ScienceDaily (Apr. 2, 2012) — New University of Otago research suggests that when non-religious people think about their own death they become more consciously skeptical about religion, but unconsciously grow more receptive to religious belief.

The Department of Psychology research also found that when religious people think about death, their religious beliefs appear to strengthen at both conscious and unconscious levels. The researchers believe the findings help explain why religion is such a durable feature of human society.

In three studies, which involved 265 university students in total, religious and nonreligious participants were randomly assigned to "death priming" and control groups. Priming involved asking participants to write about their own death or, in the control condition, about watching TV.

In the first study, researchers found that death-primed religious participants consciously reported greater belief in religious entities than similar participants who had not been death-primed. Non-religious participants who had been primed showed the opposite effect: they reported greater disbelief than their fellow non-religious participants in the control condition.

Study co-author Associate Professor Jamin Halberstadt says these results fit with the theory that fear of death prompts people to defend their own worldview, regardless of whether it is a religious or non-religious one.

"However, when we studied people's unconscious beliefs in the two later experiments, a different picture emerged. While death-priming made religious participants more certain about the reality of religious entities, non-religious participants showed less confidence in their disbelief," Associate Professor Halberstadt says.

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My article Death and the Skeptic, which is live in the current issue of the Humanist (this issue is devoted to the new skepticism / atheism and the Reason Rally), talks a bit about this:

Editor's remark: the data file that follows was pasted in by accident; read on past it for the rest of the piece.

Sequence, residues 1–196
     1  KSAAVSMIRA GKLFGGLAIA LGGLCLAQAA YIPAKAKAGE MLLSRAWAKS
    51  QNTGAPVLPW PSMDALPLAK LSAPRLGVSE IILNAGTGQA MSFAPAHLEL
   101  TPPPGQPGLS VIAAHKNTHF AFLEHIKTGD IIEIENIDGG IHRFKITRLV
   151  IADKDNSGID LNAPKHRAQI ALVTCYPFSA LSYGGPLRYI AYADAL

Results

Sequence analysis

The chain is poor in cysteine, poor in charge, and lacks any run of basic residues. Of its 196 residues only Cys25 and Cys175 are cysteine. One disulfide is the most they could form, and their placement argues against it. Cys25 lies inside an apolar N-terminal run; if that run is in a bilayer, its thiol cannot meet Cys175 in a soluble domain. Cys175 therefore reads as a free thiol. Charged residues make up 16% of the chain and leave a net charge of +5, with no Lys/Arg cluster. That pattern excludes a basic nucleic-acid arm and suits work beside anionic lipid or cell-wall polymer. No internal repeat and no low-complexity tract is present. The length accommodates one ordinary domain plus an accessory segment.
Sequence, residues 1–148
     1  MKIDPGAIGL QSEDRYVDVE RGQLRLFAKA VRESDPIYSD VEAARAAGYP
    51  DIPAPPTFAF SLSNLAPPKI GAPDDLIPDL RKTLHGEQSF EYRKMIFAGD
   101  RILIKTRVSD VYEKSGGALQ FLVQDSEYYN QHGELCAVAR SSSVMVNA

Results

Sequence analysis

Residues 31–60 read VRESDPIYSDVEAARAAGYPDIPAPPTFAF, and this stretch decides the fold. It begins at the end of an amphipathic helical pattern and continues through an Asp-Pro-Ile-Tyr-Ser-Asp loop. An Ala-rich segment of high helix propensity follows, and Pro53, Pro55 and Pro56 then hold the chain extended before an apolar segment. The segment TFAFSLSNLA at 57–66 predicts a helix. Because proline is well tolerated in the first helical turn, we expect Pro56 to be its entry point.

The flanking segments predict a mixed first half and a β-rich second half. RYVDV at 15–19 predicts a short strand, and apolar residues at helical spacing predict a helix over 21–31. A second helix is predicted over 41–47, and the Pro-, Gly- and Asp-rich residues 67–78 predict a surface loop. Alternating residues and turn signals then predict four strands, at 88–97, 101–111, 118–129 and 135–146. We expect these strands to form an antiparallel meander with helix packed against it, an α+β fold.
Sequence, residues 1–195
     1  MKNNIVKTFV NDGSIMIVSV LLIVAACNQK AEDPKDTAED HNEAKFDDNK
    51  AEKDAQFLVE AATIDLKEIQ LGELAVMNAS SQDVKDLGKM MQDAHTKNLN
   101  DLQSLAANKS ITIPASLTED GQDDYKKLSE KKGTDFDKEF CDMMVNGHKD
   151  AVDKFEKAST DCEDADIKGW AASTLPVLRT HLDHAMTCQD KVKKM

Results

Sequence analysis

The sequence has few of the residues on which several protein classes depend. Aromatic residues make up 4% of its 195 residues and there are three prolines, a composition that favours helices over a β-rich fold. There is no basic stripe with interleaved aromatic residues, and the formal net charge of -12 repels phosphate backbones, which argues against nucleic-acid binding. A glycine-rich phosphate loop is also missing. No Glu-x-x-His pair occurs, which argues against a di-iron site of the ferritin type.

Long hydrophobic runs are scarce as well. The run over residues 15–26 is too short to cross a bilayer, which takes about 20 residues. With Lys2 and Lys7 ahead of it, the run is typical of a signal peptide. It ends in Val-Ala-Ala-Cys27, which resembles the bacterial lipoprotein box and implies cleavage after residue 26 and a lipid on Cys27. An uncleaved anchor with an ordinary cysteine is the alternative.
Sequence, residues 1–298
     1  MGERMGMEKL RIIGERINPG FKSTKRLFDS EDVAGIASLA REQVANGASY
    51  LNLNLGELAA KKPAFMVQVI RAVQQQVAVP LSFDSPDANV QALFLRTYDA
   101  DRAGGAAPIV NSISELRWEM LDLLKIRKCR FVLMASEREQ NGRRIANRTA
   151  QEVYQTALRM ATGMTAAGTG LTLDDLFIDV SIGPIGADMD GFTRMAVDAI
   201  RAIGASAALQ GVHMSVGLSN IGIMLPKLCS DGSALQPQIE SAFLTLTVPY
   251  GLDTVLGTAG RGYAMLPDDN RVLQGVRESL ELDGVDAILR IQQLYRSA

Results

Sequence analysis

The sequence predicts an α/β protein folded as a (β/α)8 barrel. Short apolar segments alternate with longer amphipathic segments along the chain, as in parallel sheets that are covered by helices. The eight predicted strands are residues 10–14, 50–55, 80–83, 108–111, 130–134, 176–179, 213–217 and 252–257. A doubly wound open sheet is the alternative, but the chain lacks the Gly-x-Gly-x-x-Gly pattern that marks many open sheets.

http://thehumanist.org/may-june-2012/death-and-the-skeptic/

After I wrote the article, I saw the documentary Flight From Death: The Quest for Immortality where they discuss the 'death denial principle.  This adds much to the discussion on the role death plays on the human psyche.  It cites numerous studies about how people, when reminded about their own mortality, become HOSTILE to anyone who thinks differently, particularly regarding religious views, and another study on how judges call for harsher punishments and more severe penalties when reminded of their own mortality.  People get more judgemental and severe.  The article explains the death denial principle in detail, and how it affects human behavior, but this is a fairly recent set of studies so I'm sure in the future we'll have more studies on this.

Exactly!

The study is based on results from 265 "university students," thus the results are distorted.  The most that can be said from the results are that people between the age of 18 and 25, educated, and in a social class able to afford a universtiy education feel thusly.  This has no bearing on adults...hell, as anyone who has ever been to university will tell you, Freshman do not have fully developed brains!  To imply the results are typical of adults...people who have finished the first loop in their education, in their first marriage, with children and careers...is just stinkin' thinkin'.  Not to mention people like myself...be 62 this August...who are actually on the Countdown to the Letdown.  A better statistical group, with broader applications and the possibility of meaningful results, would be hospice patients.  On a personal note, I became an atheist late in life after spending 40 years as a Christian and another 12 or so as a 'spiritual person'...whatever that means.  I found the acceptance of my mortality...the mortality of all life...to be the key factor in losing my need to cling to the Santa Claus with one bag of toys for the good and another bag of coal already stoked up and burning for the bad.  My personal blog (on Blogger at

http://playtheist.blogspot.com/